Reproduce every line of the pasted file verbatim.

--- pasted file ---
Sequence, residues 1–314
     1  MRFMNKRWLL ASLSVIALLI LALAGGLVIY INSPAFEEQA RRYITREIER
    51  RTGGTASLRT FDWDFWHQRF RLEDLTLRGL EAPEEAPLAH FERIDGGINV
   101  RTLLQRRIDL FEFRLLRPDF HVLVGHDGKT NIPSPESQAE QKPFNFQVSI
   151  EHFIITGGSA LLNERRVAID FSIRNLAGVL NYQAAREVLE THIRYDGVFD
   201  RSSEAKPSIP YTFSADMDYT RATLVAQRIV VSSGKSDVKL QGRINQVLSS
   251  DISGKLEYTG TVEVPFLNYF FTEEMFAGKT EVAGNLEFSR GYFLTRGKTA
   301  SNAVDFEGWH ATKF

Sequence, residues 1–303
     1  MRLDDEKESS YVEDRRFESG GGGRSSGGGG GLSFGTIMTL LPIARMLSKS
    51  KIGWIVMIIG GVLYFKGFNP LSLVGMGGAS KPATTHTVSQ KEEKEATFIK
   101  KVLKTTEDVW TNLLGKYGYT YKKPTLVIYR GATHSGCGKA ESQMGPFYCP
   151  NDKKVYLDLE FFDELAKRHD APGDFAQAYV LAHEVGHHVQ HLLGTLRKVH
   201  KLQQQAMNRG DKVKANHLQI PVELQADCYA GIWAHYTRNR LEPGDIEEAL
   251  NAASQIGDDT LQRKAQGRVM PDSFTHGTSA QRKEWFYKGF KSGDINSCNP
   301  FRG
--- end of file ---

Sequence, residues 1–314
     1  MRFMNKRWLL ASLSVIALLI LALAGGLVIY INSPAFEEQA RRYITREIER
    51  RTGGTASLRT FDWDFWHQRF RLEDLTLRGL EAPEEAPLAH FERIDGGINV
   101  RTLLQRRIDL FEFRLLRPDF HVLVGHDGKT NIPSPESQAE QKPFNFQVSI
   151  EHFIITGGSA LLNERRVAID FSIRNLAGVL NYQAAREVLE THIRYDGVFD
   201  RSSEAKPSIP YTFSADMDYT RATLVAQRIV VSSGKSDVKL QGRINQVLSS
   251  DISGKLEYTG TVEVPFLNYF FTEEMFAGKT EVAGNLEFSR GYFLTRGKTA
   301  SNAVDFEGWH ATKF

Sequence, residues 1–303
     1  MRLDDEKESS YVEDRRFESG GGGRSSGGGG GLSFGTIMTL LPIARMLSKS
    51  KIGWIVMIIG GVLYFKGFNP LSLVGMGGAS KPATTHTVSQ KEEKEATFIK
   101  KVLKTTEDVW TNLLGKYGYT YKKPTLVIYR GATHSGCGKA ESQMGPFYCP
   151  NDKKVYLDLE FFDELAKRHD APGDFAQAYV LAHEVGHHVQ HLLGTLRKVH
   201  KLQQQAMNRG DKVKANHLQI PVELQADCYA GIWAHYTRNR LEPGDIEEAL
   251  NAASQIGDDT LQRKAQGRVM PDSFTHGTSA QRKEWFYKGF KSGDINSCNP
   301  FRG